Kent was the only county found without otters in a survey of rivers across England carried out by the Environment Agency (EA) last year.

Since then at least two otters have been spotted, with holts on the Medway and Eden rivers, the EA said.

A survey on the Ribble in Lancashire showed a 44% increase since 2008.

Otter numbers fell as a result of toxic pesticides, which damaged their health and reduced their supplies of fish. They had almost disappeared from England by the 1970s.

'Great success'

Improvements in water quality, along with legal protection, has helped their recovery.

"The recovery of otters from near-extinction shows how far we've come in controlling pollution and improving water quality," said the EA's national conservation manager, Alastair Driver.

"Rivers in England are the healthiest for over 20 years and otters, salmon and other wildlife are returning to many rivers for the first time since the Industrial Revolution.

"The fact that otters are now returning to Kent is the final piece in the jigsaw for otter recovery in England and is a symbol of great success for everybody involved in otter conservation."

The otter survey of England, which examined 3,327 river sites between July 2009 and March 2010, showed the number of places with evidence of otter life had increased tenfold in 30 years.

But recovery was slowest in the South East, with conservationists predicting otters may not be resident in Kent for another 10 years.

Their return was also a "fantastic reward" for efforts by the agency to improve water quality, said Mr Driver.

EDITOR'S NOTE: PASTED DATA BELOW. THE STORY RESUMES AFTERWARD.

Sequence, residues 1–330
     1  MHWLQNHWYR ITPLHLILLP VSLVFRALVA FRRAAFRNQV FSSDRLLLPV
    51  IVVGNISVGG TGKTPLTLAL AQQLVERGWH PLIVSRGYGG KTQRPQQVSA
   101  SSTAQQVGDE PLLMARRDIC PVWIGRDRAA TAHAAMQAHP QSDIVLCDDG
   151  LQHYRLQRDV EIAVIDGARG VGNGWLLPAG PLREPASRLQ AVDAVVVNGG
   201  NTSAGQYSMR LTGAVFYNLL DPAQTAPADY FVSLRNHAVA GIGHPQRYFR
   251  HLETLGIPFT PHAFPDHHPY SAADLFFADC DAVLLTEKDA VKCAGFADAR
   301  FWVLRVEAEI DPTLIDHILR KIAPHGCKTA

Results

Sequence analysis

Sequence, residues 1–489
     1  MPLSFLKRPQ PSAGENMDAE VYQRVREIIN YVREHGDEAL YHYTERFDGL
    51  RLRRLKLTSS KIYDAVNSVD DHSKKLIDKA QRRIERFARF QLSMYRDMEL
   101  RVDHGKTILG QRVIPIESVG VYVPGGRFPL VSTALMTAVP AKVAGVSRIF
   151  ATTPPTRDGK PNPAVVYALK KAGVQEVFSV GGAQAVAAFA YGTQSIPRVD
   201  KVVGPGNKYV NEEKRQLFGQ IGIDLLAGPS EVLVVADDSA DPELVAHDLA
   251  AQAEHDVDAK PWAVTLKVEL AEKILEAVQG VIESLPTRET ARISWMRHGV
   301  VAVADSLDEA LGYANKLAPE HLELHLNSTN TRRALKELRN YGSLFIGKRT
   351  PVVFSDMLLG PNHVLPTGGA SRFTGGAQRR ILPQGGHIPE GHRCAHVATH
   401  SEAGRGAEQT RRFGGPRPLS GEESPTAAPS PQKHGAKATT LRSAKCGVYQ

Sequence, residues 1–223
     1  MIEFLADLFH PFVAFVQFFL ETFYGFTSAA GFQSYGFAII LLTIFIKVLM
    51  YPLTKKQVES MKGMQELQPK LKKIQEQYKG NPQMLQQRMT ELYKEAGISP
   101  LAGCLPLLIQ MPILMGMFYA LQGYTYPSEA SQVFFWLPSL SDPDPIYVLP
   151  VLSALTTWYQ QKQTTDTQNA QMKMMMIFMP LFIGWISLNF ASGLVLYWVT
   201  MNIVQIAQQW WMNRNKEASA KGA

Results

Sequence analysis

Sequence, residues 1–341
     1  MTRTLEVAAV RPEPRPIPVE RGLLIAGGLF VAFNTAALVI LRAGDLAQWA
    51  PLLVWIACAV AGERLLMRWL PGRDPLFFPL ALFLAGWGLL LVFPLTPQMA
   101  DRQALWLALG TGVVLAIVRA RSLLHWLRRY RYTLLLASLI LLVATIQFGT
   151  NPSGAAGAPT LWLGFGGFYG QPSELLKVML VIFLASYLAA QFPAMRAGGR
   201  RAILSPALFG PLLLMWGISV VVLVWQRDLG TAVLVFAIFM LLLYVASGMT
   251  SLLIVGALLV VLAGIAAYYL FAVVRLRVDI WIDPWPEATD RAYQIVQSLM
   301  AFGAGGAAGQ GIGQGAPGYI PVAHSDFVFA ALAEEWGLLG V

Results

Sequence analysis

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Swedish wolves threatened by under-reported poaching

Jennifer Carpenter BBC News 17 Aug 11;

Illegal poaching accounts for over half of all deaths of Swedish wolves, suggests a new study.

Basing their estimates on long-term wolf counts, the researchers reveal that two-thirds of poaching goes undetected.

The study suggests that without the past decade of persecution Swedish wolves would be four times more abundant than they are today.

The study's findings are reported in Proceedings of the Royal Society B.

"Many have speculated that poaching levels are high for many threatened species of carnivores," said Chris Carbone from the Zoological Society of London.

"This study presents an important step in trying to quantify this hidden threat," he added.

The new study predicts the size of the wolf Swedish population each year based on counts from the previous year.

These counts are based on radio-tracked wolves and the more traditional 'footprint count', used in Sweden for over 10 years to estimate wolf numbers.
Counting canines

The researchers' estimates took account of confirmed cases of wolf mortality - such as when a wolf is killed on the road, dies from disease or is found killed.

However, when the team, based at Grimso Wildlife Research Station in Sweden, compared the expected numbers produced by their models to the actual number of wolves in the wild, they found they were over estimating the size of the population.

Conservation biologist Guillaume Chapron, and one of the team, suspects that 'cryptic poaching', poaching that goes undetected, accounts for this difference.

The poaching we see is the "tip of the iceberg," he said.

The researchers predict that without the last decade of poaching, wolves would have numbered around a thousand by 2009, four times the number reported that year.

Wolves are known to kill the dogs that many Swedes use to hunt moose, and despite up to four year prison sentence if caught poaching, a few people do not hestitate to take a shot at a wolf.
Founding fins

Poaching is not the only threat to the Swedish wolf.

These large carnivores went extinct in Sweden in the 1970s, and the population has since re-established itself after a handful of migratory Finnish wolves took over the empty territories.

Today, all 250 or so Swedish wolves have descended from these few founding individuals.

And so the population is highly inbred and suffers from skeletal abnormalities and problems reproducing.

Further reducing the number of wolves by poaching leaves this population very vulnerable to further inbreeding, explained Dr Chapron.